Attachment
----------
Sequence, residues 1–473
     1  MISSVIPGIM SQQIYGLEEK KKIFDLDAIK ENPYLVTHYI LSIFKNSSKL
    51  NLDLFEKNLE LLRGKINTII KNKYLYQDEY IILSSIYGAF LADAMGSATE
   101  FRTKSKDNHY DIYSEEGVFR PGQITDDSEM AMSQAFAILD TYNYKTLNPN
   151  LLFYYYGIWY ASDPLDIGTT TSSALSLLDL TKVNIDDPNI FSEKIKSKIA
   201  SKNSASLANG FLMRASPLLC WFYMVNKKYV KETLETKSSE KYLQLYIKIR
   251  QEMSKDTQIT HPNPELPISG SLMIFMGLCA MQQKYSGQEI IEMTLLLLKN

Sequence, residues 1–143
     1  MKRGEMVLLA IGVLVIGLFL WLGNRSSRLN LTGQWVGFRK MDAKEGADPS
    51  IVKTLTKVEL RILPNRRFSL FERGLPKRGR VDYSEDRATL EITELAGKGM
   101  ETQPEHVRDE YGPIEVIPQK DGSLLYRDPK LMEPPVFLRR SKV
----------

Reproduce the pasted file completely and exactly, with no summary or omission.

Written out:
Sequence, residues 1–473
     1  MISSVIPGIM SQQIYGLEEK KKIFDLDAIK ENPYLVTHYI LSIFKNSSKL
    51  NLDLFEKNLE LLRGKINTII KNKYLYQDEY IILSSIYGAF LADAMGSATE
   101  FRTKSKDNHY DIYSEEGVFR PGQITDDSEM AMSQAFAILD TYNYKTLNPN
   151  LLFYYYGIWY ASDPLDIGTT TSSALSLLDL TKVNIDDPNI FSEKIKSKIA
   201  SKNSASLANG FLMRASPLLC WFYMVNKKYV KETLETKSSE KYLQLYIKIR
   251  QEMSKDTQIT HPNPELPISG SLMIFMGLCA MQQKYSGQEI IEMTLLLLKN

Sequence, residues 1–143
     1  MKRGEMVLLA IGVLVIGLFL WLGNRSSRLN LTGQWVGFRK MDAKEGADPS
    51  IVKTLTKVEL RILPNRRFSL FERGLPKRGR VDYSEDRATL EITELAGKGM
   101  ETQPEHVRDE YGPIEVIPQK DGSLLYRDPK LMEPPVFLRR SKV